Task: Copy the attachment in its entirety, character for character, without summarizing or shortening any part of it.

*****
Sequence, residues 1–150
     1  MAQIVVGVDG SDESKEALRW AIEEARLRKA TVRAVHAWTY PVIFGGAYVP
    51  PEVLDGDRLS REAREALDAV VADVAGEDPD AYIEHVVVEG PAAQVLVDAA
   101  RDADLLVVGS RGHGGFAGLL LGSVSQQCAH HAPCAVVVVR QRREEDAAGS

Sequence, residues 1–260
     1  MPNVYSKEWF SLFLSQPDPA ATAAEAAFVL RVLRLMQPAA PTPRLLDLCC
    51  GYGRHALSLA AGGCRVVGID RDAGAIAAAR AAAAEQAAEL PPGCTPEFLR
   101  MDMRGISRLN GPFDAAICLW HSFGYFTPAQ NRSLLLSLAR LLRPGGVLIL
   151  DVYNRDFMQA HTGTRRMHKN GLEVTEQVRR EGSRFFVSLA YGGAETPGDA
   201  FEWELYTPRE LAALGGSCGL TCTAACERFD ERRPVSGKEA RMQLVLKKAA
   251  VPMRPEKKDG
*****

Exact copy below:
Sequence, residues 1–150
     1  MAQIVVGVDG SDESKEALRW AIEEARLRKA TVRAVHAWTY PVIFGGAYVP
    51  PEVLDGDRLS REAREALDAV VADVAGEDPD AYIEHVVVEG PAAQVLVDAA
   101  RDADLLVVGS RGHGGFAGLL LGSVSQQCAH HAPCAVVVVR QRREEDAAGS

Sequence, residues 1–260
     1  MPNVYSKEWF SLFLSQPDPA ATAAEAAFVL RVLRLMQPAA PTPRLLDLCC
    51  GYGRHALSLA AGGCRVVGID RDAGAIAAAR AAAAEQAAEL PPGCTPEFLR
   101  MDMRGISRLN GPFDAAICLW HSFGYFTPAQ NRSLLLSLAR LLRPGGVLIL
   151  DVYNRDFMQA HTGTRRMHKN GLEVTEQVRR EGSRFFVSLA YGGAETPGDA
   201  FEWELYTPRE LAALGGSCGL TCTAACERFD ERRPVSGKEA RMQLVLKKAA
   251  VPMRPEKKDG